Oral Health Group
Feature

Diode Lasers for Periodontal Treatment: The Story So Far


December 1, 2009
by Fay Goldstep, DDS, FACD, FADFE

The concept of using dental lasers for the treatment of periodontal disease elicits very strong reactions from all sides of the spectrum. Everyone has an opinion. Everyone is certain that their own opinion is correct. But the only certainty is confusion, and the lack of clear direction in the concept of Laser Assisted Periodontal Therapy (LAPT).

Much of this uncertainty stems from not comparing “apples to apples,” in terms of the type of lasers utilized and the way that studies are designed. Certain lasers are used specifically for soft tissue treatment. These include the CO2, Nd:YAG, and diode lasers. Others can be used for both soft and hard tissue applications. These are the Er:YAG and Er, Cr:YSGG lasers. They must be compared within their own category.

Many of these lasers have been shown to provide periodontal treatment benefits. In order to achieve an element of clarity and simplicity on this very complex topic, the following discussion exclusively addresses the use of the diode laser for periodontal treatment.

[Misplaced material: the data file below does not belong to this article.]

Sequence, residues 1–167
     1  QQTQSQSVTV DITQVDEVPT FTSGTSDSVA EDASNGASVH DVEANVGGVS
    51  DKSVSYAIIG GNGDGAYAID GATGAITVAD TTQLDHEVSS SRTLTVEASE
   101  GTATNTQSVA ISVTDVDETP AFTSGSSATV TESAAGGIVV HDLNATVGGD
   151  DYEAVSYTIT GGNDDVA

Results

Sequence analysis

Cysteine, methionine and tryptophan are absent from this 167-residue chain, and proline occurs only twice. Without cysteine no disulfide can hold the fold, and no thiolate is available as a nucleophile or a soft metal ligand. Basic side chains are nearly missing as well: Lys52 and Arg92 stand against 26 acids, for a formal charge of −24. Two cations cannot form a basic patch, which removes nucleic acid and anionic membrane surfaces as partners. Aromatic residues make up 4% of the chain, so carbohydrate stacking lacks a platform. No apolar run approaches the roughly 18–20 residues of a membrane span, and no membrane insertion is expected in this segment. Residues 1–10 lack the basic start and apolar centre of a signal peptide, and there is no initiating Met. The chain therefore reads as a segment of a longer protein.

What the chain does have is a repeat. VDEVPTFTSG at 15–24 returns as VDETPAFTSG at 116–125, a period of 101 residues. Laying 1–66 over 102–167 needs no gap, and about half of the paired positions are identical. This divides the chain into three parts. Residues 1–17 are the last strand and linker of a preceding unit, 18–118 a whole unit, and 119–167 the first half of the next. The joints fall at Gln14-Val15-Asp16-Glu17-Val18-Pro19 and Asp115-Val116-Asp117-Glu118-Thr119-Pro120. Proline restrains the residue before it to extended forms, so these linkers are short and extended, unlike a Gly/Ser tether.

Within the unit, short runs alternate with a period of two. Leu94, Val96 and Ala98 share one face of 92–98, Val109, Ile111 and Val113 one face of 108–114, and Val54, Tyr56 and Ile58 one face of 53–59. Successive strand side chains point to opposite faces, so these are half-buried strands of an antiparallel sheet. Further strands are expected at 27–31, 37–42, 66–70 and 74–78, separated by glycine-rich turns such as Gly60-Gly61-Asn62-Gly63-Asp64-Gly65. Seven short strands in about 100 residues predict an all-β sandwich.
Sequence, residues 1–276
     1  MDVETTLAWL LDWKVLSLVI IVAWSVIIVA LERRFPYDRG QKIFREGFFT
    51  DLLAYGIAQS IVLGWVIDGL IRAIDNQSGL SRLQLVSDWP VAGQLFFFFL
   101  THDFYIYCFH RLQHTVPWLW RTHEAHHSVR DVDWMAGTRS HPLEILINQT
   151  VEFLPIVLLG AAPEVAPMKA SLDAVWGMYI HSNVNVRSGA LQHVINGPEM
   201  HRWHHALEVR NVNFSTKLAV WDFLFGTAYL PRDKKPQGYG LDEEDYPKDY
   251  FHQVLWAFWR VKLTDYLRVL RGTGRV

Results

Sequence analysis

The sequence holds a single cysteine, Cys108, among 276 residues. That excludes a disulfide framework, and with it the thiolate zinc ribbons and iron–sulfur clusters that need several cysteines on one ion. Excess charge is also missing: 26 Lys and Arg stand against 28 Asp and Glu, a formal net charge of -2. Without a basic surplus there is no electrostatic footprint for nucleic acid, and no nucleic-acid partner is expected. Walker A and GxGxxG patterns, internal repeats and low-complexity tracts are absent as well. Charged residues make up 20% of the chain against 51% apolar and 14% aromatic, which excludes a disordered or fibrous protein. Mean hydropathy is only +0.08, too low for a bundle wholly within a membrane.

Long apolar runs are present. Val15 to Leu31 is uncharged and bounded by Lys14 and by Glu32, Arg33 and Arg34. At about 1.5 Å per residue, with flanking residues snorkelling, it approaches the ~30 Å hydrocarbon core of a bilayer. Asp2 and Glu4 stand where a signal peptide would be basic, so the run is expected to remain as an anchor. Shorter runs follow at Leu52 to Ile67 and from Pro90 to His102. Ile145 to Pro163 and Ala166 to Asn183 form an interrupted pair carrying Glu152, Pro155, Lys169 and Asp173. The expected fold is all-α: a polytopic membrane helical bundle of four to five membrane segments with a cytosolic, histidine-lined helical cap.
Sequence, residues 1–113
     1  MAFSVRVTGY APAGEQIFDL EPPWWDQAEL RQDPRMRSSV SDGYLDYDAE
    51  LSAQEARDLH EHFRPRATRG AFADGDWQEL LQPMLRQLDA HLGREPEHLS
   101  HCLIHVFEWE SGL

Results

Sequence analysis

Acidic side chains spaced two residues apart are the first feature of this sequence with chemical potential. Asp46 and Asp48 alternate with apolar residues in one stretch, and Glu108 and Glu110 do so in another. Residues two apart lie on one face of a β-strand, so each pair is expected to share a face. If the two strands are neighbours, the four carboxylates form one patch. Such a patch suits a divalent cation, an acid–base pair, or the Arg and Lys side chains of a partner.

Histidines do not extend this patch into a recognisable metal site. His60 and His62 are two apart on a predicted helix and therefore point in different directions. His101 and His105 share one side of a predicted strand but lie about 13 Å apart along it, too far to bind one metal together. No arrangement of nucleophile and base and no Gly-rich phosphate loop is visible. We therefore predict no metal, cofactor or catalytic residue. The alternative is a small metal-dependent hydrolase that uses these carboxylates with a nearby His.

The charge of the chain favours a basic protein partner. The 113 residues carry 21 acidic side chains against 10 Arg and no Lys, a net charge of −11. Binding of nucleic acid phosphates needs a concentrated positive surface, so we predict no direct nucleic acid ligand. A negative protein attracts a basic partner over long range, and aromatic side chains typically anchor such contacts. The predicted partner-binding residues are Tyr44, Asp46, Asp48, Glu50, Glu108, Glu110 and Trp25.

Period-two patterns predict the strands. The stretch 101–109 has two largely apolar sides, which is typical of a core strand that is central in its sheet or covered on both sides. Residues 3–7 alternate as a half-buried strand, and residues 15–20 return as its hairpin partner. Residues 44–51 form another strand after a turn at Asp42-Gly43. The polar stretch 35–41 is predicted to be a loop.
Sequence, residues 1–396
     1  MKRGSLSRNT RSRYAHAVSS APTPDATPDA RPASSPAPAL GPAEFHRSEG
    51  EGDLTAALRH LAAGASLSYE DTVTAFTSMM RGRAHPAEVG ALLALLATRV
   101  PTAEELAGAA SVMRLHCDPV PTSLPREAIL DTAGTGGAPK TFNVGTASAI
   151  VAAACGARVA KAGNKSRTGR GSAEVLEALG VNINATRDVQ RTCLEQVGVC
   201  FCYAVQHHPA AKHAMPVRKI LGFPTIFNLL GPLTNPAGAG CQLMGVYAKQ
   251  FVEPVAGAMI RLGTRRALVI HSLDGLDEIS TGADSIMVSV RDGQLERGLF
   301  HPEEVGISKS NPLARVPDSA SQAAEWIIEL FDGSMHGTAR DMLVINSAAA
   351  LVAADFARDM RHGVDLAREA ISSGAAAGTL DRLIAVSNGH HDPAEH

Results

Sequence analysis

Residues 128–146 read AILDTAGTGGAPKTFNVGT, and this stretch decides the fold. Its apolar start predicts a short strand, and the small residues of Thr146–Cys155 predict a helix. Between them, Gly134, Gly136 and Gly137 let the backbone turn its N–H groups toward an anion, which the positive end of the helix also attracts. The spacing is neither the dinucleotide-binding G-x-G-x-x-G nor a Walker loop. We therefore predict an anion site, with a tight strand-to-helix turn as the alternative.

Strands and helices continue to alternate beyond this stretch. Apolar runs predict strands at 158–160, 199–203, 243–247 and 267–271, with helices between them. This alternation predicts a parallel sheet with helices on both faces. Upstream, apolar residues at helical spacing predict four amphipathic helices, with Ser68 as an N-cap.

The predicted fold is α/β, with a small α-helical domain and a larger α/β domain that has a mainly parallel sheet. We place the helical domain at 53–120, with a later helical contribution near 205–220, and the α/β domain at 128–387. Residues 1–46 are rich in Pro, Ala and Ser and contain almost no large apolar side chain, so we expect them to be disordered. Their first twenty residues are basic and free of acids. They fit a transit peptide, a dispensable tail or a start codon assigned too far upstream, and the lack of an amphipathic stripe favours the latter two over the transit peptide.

A Specific Instrument

The diode laser has become an important tool in the dental armamentarium due to its exceptional ease of use and affordability. It also has key advantages with regard to periodontal treatment. The diode laser is well absorbed by melanin, haemoglobin, and other chromophores that are present in periodontal disease.1 Hence the diode specifically targets unhealthy gingival tissues. The laser energy is transmitted through a thin fibre that can easily penetrate into deep periodontal pockets to deliver its therapeutic effects.